What is meant by ‘high income threshold’ and ‘compensation cap’ for unfair dismissal applications, and what are the new amounts for this financial year?
High Income Threshold
An employee whose annual rate of earnings is above the ‘high income threshold’ – and who is otherwise not covered by an award or enterprise agreement – is not eligible to apply for an unfair dismissal remedy. As of 1 July 2018, the high income threshold increased to $145,400.
Some types of payments that do not count as ‘earnings’ are: super guarantee contributions, non-monetary benefits and any payments the amount of which cannot be determined in advance (such as incentive based payments or expense reimbursements).
The value of a car, travel or vehicle allowance may be included as ‘earnings’ if it (or part of it) is intended for personal use.1
For more information about what is included as earnings, see EMA Note Issue 5 2017.2 If you have a high-income employee, seek specialist advice on how to pro-actively manage the risk to your business of an unfair dismissal.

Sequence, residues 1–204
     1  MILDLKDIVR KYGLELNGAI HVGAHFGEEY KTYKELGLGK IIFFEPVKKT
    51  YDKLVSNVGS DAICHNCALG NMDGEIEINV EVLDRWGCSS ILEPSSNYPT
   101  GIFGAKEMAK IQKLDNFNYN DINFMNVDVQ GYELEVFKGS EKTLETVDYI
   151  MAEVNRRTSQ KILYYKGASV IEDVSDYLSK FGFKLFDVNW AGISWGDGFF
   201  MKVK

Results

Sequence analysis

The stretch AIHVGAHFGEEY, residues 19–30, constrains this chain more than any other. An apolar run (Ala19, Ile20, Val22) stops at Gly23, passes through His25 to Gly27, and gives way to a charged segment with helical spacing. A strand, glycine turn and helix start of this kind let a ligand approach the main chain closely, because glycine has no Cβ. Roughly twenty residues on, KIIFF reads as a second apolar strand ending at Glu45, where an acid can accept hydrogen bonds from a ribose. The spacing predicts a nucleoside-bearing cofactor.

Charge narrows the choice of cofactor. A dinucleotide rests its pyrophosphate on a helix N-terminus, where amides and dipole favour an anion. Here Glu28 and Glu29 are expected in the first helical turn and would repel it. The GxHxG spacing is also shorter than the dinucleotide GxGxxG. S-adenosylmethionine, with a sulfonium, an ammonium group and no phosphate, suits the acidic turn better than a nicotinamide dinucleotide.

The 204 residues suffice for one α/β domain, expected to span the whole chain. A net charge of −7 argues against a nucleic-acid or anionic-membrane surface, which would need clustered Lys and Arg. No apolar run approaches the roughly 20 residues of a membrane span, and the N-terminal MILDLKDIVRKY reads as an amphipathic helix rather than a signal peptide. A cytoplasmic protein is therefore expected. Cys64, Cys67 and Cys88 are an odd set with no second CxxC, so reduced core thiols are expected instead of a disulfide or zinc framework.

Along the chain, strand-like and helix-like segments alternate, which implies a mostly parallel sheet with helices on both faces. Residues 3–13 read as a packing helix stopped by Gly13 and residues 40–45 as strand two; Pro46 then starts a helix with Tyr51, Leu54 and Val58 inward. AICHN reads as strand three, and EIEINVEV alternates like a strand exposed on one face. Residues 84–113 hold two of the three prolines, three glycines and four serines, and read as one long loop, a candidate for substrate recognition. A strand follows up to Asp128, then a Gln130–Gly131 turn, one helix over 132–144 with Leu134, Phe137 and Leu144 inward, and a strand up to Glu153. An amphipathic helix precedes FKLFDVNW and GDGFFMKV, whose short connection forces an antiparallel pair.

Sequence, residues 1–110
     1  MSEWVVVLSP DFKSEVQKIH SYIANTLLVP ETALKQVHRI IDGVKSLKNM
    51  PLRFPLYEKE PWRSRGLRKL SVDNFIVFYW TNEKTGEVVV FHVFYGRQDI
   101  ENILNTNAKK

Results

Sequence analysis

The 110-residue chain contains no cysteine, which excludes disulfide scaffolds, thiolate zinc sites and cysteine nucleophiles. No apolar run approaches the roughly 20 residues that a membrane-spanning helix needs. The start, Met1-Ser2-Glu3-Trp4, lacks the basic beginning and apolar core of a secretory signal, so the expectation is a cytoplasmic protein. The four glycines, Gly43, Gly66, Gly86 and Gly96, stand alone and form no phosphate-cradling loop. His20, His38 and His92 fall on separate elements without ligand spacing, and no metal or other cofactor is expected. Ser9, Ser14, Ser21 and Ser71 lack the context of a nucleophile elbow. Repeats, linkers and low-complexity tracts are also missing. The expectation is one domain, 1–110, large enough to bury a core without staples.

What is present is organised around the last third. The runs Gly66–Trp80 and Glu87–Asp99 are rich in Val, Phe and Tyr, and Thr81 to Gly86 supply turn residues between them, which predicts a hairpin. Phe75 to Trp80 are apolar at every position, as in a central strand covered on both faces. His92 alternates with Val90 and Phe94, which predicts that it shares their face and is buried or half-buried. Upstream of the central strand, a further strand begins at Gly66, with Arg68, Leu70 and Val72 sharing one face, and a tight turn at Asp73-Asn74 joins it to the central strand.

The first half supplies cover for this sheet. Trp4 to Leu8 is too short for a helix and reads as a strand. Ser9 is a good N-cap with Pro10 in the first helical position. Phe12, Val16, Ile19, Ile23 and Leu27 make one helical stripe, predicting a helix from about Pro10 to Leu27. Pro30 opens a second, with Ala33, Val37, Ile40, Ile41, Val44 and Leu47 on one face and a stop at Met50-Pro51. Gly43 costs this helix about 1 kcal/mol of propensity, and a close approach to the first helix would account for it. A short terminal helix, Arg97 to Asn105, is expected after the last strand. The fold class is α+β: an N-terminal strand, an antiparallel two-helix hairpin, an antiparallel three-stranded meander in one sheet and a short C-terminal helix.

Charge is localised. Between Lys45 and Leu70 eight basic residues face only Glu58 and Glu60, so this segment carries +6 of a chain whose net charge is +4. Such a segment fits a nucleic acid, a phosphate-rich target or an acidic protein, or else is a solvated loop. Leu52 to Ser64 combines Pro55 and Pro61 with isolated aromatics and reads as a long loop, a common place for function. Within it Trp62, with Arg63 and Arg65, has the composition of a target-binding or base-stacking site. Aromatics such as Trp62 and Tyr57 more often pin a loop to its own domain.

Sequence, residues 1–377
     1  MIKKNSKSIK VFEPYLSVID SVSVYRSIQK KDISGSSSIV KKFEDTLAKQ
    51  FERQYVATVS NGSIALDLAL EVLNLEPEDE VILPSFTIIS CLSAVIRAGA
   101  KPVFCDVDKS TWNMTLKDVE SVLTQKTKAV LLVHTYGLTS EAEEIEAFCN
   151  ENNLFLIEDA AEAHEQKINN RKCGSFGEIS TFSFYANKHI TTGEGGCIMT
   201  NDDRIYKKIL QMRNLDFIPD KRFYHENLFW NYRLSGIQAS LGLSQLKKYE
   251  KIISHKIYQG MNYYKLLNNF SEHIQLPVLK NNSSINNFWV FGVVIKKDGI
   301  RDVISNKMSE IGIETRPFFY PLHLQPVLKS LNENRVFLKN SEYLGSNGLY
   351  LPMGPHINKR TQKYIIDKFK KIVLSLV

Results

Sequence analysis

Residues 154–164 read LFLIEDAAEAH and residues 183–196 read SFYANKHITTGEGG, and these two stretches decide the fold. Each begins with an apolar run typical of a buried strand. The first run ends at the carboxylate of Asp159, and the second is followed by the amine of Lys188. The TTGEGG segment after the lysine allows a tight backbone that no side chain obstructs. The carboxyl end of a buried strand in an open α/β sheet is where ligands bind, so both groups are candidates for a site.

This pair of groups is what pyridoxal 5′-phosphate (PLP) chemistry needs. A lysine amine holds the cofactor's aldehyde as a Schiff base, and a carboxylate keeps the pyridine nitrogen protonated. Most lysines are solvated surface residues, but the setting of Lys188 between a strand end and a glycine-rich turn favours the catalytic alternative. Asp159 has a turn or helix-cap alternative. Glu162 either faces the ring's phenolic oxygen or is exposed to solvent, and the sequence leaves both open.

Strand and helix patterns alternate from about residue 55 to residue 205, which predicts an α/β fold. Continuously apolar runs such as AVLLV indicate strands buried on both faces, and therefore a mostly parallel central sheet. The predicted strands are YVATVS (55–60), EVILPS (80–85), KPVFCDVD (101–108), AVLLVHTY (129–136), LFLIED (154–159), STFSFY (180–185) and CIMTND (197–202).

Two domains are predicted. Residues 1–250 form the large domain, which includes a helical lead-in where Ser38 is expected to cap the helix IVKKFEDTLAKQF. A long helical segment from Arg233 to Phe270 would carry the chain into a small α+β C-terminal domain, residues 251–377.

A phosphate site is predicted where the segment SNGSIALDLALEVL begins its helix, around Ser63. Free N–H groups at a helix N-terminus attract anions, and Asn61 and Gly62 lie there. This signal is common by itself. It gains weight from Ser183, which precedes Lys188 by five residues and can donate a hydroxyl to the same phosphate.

In the event of a successful unfair dismissal application, reinstatement is the primary remedy. If reinstatement is not appropriate, or if the Fair Work Commission considers that compensation is appropriate in all the circumstances of the case, it may make an order of compensation. That order cannot be higher than 26 weeks’ pay,3 or the compensation cap (whichever is lower).
As of 1 July 2018, the compensation cap increased to $72,700.
Require further information/assistance?
If you require further information or advice, please contact your local Consultant at either our Adelaide or Melbourne offices.
1 See Harris v SX Projects Pty Ltd  FWC 3047 (9 May 2014).
3 See Fair Work Act 2009 (Cth) s 392: 26 weeks’ pay means the total amount received by the person or to which the person was entitled (whichever is higher) for the period of employment during the 26 weeks immediately before the dismissal.